Hi, Jamie, and welcome to TDN. I’ve been looking forward to this interview since I first saw your street photography. For one so young you have travelled a fair bit and captured some great images. Can you tell us where you were born and when you spread your wings to start travelling?
I was born and raised on the sunny island of Singapore. My first solo trip was to Indonesia, when I was selected to be a photojournalist delegate of Singapore for the ASEAN Cultural Youth Camp of 2011, held in Yogyarkarta. At the time I was doing my final year project for my degree in Visual Communications (I majored in photography). After the camp finished, I decided to spend an entire month travelling around and documenting the culture and lifestyle of the peoples of Central Java. It was a big learning curve and stretched my photographic skills. I did not have the luxury of an editor to tell me what to look out for, and it was hard to get feedback from my lecturers because getting a wifi spot with Internet was like hitting the jackpot. The experience taught me to reflect, make decisions and work with what I had. I had to figure out how to shape and edit down my stories.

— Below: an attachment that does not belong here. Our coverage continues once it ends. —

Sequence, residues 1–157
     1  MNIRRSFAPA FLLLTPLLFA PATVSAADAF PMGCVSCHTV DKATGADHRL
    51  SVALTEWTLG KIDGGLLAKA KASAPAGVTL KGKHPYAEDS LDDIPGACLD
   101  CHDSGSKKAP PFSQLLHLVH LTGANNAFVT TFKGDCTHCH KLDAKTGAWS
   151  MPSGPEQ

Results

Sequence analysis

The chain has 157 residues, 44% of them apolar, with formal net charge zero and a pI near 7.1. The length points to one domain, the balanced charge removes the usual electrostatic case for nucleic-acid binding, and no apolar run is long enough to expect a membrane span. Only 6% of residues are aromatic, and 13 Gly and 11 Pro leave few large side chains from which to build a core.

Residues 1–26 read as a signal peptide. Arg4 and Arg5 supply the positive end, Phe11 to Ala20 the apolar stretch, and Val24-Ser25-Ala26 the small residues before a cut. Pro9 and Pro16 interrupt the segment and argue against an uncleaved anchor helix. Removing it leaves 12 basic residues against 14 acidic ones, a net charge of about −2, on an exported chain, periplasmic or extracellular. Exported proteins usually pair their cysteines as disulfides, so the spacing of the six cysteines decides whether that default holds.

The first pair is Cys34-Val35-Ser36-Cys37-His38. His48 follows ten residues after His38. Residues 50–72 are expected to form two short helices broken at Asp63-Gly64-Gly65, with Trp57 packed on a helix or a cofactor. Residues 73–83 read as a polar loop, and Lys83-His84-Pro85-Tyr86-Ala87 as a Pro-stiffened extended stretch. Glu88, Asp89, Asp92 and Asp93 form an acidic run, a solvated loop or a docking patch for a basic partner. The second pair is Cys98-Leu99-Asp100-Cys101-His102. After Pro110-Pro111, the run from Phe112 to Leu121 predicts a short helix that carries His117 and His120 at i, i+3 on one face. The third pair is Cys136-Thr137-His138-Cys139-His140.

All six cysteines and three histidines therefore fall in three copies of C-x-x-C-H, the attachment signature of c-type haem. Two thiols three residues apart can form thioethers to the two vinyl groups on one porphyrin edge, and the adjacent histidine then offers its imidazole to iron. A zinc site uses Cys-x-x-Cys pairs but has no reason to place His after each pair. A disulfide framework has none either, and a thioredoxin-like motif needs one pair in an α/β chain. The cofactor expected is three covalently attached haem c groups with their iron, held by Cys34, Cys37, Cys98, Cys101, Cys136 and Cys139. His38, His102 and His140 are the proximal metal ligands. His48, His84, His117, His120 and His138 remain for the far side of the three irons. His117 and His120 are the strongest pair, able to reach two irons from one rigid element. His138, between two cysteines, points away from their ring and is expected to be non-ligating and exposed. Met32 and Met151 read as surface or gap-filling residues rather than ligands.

You were only 19 then. How did your parents feel about your decision to travel solo?
They were of course worried sick but came around eventually and even joined me for some parts of the trip. After all, what better way to spend time with your parents than on the back of a motorcycle going at God-only-knows what speed—’cause the speedometer was broken!

That must have been some trip! So once you caught the travel bug, where else did you go?
As a visual storyteller, I am always on the lookout for subjects that would make interesting photo essays. My blog, No Foreign Lands, started as a way to tell my mother that I was still alive while on the road. It has now become a platform for me to tell my stories and share my images with the world. Asia is one of my favourite places to travel. There is an incredible amount of interconnected history among the various countries. I am always learning.

I agree. Asia is a treasure trove for us storytellers and photography buffs. I only wish I had started my travels at an earlier age. So which countries have you visited so far?
There is a quote from Robert Louis Stevenson that goes:

I travel not to go anywhere, but to go. The great affair is to move.

When I got back to Singapore after my Indonesia trip, I could not keep still. I was hooked on travelling, exploring and waking up to something new every day. I needed to move; soon after I graduated I booked my next trip—and I’ve never looked back since. Off the top of my head, I’ve been to Vietnam, Thailand, Malaysia, Nepal, Indonesia, India, China and Australia.

That’s eight countries in less than four years; a lot more than most people visit in a lifetime. So tell us about where you are right now and why.